From 1871 until 1873, Blyden spent an increasing amount of time in neighboring Sierra Leone as the editor of the world’s first Pan-African magazine titled Negro. This first foray into journalism inspired further writings of genius.
Blyden would call Liberia his home for the next 30 years, and there he would become a successful Presbyterian minister, a newspaper editor, a renowned professor of classics, Ambassador to Great Britain, Minister of the Interior, Secretary of State, and a Presidential candidate in 1885.
Although Blyden had been raised in the white Christian Presbyterian church, by 1886 he had completely renounced Christianity and had converted to Islam. The following year, he published his treatise, Christianity, Islam and the Negro Race.
In it, Blyden offered a wealth of thought on the reasons Islam was more suited to the needs of Black folk than Christianity. The book was immediately hailed as a masterful achievement, and is still in print and circulation today.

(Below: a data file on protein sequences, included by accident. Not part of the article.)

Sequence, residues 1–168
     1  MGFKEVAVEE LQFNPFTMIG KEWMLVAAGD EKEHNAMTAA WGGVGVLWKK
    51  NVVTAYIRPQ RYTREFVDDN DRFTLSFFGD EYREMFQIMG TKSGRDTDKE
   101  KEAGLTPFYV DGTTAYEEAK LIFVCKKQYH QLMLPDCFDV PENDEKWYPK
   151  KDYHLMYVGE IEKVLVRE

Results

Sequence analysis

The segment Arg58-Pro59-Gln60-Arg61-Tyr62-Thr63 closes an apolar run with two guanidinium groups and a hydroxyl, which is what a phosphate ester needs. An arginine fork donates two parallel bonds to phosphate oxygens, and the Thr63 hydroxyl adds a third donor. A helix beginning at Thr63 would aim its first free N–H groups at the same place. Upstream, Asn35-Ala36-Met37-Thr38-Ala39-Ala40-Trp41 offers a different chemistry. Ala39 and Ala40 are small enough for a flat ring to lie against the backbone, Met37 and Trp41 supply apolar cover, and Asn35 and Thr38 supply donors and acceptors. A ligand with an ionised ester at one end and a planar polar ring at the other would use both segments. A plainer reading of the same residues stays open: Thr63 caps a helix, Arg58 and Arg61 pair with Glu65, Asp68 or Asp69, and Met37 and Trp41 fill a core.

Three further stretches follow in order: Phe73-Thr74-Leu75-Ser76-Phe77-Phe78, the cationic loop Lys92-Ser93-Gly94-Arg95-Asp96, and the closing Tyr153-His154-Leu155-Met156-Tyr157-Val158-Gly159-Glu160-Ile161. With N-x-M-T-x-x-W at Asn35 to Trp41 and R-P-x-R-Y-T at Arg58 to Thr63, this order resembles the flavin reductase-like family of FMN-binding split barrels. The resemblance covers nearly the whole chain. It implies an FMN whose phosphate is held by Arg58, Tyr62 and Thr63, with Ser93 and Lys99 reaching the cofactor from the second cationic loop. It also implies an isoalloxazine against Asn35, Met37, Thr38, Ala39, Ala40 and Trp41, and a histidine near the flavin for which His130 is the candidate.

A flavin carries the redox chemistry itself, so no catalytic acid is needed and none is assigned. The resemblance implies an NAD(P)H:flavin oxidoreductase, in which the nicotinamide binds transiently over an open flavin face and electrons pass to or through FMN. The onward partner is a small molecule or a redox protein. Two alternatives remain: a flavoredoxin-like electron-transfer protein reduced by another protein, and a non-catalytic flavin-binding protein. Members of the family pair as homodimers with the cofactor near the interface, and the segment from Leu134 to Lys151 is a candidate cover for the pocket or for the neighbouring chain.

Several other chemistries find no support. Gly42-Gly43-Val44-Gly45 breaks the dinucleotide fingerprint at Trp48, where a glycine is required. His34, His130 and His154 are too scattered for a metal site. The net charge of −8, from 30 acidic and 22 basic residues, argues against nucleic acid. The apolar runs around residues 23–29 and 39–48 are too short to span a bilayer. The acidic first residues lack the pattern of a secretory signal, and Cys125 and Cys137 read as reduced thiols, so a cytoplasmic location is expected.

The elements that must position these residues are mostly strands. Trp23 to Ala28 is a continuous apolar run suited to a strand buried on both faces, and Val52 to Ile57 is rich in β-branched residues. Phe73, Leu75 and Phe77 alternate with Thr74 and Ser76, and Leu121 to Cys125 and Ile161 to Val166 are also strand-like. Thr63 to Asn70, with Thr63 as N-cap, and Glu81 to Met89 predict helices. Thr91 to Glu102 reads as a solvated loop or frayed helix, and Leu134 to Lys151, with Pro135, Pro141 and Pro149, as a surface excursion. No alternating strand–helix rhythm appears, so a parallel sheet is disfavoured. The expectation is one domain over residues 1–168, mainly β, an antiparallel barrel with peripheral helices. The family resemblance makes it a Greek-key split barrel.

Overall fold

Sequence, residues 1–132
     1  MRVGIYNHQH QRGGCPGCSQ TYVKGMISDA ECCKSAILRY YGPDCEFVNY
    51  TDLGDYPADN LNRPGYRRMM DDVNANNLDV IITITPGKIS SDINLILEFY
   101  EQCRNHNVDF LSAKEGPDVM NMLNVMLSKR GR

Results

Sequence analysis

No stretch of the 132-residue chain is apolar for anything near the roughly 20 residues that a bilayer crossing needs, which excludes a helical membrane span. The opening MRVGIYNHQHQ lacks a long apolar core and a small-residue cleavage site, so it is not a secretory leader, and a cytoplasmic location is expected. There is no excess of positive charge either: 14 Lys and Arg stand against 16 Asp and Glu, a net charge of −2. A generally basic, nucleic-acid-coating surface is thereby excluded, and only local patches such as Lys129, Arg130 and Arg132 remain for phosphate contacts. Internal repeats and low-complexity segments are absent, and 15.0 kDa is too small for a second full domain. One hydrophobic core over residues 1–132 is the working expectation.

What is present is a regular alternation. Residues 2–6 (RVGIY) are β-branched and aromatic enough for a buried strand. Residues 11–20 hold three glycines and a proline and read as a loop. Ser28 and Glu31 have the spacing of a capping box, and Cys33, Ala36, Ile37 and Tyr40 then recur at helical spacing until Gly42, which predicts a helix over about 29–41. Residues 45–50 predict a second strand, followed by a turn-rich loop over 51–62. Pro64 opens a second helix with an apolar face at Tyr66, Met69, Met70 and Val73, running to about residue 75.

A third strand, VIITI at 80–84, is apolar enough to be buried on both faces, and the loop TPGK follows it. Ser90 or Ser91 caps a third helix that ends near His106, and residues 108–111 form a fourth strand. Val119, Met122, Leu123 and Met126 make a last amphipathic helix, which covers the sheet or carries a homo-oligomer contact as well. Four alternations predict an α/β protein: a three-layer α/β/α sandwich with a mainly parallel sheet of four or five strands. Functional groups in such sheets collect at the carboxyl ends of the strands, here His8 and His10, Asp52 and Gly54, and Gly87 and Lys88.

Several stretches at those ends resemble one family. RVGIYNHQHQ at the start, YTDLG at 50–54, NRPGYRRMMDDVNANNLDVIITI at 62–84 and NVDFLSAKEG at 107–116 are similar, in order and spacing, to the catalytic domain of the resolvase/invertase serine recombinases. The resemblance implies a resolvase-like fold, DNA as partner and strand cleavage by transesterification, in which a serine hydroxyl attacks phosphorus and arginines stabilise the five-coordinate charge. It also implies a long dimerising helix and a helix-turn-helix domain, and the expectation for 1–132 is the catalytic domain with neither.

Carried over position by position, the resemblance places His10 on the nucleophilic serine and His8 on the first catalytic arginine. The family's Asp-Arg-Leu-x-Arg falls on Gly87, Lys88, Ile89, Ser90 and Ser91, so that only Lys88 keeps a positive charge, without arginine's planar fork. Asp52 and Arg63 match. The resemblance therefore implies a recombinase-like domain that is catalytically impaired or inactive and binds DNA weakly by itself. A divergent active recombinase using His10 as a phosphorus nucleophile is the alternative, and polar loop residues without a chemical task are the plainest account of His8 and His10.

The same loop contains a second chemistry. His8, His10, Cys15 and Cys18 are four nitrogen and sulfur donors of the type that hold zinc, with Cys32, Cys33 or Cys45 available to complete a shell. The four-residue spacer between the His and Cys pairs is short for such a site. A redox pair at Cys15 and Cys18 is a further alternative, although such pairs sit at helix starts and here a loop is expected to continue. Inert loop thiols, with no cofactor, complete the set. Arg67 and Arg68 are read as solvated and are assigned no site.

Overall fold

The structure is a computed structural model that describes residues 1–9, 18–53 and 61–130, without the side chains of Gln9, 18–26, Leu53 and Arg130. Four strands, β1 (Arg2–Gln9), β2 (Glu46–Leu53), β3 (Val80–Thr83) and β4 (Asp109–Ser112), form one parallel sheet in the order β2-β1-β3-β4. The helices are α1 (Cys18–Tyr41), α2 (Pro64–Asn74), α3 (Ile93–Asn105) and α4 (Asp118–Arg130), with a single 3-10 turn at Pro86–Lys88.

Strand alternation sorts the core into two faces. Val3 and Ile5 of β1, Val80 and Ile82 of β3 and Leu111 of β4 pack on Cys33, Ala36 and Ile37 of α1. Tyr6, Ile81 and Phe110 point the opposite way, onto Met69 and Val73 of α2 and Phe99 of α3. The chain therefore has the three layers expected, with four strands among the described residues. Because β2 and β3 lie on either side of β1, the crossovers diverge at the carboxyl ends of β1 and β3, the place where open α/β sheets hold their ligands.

According to Blyden, Christianity demoralized Blacks, whereas Islam was ‘a unifying and elevating influence’.
By then, Blyden had left his home in Liberia to spread his message to the neighboring country of Sierra Leone, holding debates among the indigenous communities that were at risk of being “whitewashed” . He warned them that they had been “de-Africanised “, and to always remember that “you are Africans”. In Liberia, Blyden had taken on the mantle of state work, but in Sierra Leone, he was free to become the activist that he would become known as.
Edward Wilmot Blyden’s Three Point Plan For Pan-Africanism
There were three points that Blyden believed could lead to the redemption of African people worldwide:
1. Complete autonomy from White culture, colonialism, and religious influence.
When Pan-Africans seek to change the language they speak, abandon western style religions like Christianity, and adopt African styles of dress, they seek autonomy from white culture.
Blyden taught that white culture had been so thoroughly rooted in racism and economic exploitation that it no longer served any group but the Europeans.
Instead of assimilation, he advocated a return to indigenous values and repatriation back to Africa for members of the diaspora.
2. The establishment of a major, single, modern African state, which would protect and promote the interests of peoples of African descent everywhere.